The Total Poem

The total poem is one to which you have given your all. That means that you have considered the elements of craft when composing each draft —idea, voice, line, stanza, title, meter and rhyme. It means that you have analyzed the modes of expression —narrative, lyric, dramatic —and employed the appropriate methods and forms to convey your epiphanies and peak experiences. It means, ultimately, that you have respect for your readers, sharing your best ideas with the best words in the best order of presentation.

Of all the definitions of "total" or "pure" poetry, the one that impresses me the most was coined by Canadian poet George Whipple, whose lyric "A Hymn to God the Father" appears in the chapter on voice. Whipple, who composes as many as thirty drafts of each poem, advises: "When you revise, remember it is not what you feel that is important, but what you can make others feel."

An implied respect for audience has been the theme of each chapter in The Art and Craft of Poetry.

Unlike other texts, however, my discussion of revision in this chapter will be the shortest. You have been learning the discipline of revision by keeping a file labeled "Work in Progress" and by keeping all drafts of each poem. My goal has been to transfer to you the process of composing effective poetry via these methods:

1. Conceiving effective ideas. In notebook assignments in the first section, you learned that poets are expected to envision the inner and outer realms of life with universality. Truth emanates from powerful ideas. Without such ideas, your poems may seem static, trite, rambling, vague or obscure.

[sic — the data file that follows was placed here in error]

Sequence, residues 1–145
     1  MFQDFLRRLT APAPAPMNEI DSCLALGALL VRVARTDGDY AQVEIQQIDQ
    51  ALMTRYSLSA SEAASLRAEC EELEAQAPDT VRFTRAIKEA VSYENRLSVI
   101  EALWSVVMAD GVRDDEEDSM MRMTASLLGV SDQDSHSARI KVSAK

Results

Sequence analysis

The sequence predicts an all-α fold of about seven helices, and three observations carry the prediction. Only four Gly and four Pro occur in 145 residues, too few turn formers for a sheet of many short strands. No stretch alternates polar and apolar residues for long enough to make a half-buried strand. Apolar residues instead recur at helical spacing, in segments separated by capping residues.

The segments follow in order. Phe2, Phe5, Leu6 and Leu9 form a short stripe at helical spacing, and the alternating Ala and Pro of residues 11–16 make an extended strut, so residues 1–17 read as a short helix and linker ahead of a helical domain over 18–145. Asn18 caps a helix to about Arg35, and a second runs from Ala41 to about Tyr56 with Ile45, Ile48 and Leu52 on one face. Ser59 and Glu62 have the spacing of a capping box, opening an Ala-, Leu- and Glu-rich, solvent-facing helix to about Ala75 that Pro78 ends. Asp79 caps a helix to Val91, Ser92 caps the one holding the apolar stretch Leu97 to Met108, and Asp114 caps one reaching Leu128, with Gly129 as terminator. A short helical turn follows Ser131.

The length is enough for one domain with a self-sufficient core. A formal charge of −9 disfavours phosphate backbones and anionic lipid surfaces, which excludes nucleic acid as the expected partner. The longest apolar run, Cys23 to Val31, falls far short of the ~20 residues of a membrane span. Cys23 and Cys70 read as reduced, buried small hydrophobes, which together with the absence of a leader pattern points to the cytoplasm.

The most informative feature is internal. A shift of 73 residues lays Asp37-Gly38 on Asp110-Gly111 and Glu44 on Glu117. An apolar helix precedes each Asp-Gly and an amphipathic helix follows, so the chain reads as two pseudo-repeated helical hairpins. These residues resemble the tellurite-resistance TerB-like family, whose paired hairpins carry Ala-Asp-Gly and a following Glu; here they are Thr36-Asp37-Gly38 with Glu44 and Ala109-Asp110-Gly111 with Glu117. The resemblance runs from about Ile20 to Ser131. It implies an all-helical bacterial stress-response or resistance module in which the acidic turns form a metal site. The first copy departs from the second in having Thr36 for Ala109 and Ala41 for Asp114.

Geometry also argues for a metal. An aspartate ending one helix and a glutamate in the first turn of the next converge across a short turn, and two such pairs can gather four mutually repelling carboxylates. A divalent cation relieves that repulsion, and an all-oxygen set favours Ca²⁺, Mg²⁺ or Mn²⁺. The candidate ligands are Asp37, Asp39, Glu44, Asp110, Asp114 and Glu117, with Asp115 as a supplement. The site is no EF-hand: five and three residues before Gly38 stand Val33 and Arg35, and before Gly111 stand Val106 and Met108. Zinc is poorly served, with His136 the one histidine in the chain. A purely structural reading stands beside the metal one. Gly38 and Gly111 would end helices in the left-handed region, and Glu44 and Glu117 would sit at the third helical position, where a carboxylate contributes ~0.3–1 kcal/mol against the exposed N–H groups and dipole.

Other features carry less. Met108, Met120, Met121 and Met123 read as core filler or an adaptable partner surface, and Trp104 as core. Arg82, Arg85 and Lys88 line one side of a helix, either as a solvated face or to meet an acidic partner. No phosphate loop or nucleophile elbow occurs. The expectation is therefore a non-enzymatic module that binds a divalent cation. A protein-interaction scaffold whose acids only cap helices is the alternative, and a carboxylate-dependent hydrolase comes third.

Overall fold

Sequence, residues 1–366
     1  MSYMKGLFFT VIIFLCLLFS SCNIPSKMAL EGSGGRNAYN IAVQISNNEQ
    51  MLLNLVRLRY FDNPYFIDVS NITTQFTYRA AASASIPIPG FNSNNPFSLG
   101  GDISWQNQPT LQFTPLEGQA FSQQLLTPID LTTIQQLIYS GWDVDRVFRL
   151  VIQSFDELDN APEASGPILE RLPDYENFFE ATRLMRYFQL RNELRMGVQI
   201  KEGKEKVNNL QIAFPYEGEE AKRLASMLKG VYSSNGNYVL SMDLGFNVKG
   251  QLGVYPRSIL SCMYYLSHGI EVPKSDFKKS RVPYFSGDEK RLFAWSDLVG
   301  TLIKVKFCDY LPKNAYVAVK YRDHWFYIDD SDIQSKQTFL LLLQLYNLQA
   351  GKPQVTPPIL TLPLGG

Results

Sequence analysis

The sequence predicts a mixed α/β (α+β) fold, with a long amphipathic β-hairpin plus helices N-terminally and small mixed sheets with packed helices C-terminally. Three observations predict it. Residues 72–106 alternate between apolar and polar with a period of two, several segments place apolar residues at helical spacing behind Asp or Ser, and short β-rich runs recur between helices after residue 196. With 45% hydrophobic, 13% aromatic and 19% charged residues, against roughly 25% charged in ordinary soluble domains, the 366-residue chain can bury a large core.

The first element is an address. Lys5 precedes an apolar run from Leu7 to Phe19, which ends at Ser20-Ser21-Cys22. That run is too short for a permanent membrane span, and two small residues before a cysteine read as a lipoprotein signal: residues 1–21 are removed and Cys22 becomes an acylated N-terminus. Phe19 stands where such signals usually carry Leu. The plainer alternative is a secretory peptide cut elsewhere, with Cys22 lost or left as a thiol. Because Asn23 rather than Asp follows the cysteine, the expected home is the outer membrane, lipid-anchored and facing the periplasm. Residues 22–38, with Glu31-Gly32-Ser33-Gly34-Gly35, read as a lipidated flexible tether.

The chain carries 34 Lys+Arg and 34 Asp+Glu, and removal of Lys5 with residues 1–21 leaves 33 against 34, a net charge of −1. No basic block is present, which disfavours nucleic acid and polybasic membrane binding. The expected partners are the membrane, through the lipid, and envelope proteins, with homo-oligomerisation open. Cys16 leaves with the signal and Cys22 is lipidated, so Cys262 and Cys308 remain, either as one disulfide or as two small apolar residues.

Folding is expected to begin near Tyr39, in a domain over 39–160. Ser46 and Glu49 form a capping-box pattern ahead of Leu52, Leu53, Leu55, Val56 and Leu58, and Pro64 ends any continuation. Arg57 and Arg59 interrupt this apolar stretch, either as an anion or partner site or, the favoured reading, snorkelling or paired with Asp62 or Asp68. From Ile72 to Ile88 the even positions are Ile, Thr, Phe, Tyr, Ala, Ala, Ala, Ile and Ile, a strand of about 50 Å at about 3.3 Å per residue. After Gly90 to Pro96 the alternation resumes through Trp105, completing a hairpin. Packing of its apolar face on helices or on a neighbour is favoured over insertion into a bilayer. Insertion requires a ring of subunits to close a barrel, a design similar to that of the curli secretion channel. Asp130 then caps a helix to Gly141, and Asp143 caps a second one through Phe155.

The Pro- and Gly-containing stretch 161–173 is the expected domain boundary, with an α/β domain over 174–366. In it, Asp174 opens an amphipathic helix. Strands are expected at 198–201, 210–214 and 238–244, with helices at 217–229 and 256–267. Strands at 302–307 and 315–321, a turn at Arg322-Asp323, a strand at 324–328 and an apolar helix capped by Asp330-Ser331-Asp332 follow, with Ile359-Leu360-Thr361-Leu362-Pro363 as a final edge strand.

2. Studying tools of craft. In notebook assignments in the second section, you learned that the more tools a poet has at his or her disposal, the easier it is to convey those universal and visionary ideas. Moreover, you learned how to assemble the foundation of a total poem, aligning such elements as voice, line, stanza and title.

3. Employing formats and forms. Finally, in notebook assignments in the third section, you became familiar with methods of composition. If it was your first go-around, the Level One exercises also showed you how to adapt your drafts and ideas to narrative, lyric, dramatic, free and formal verse. If it was your second go-around, the Level Two exercises showed you how to identify your individual strengths and weaknesses when adapting your drafts and ideas. If it was your third go-around, the Level Three exercises should have pushed you to the edge of your ability, attempting to turn those weaknesses into strengths.

Now it's time to apply what you have learned to drafts of poems in your "Work in Progress" file.

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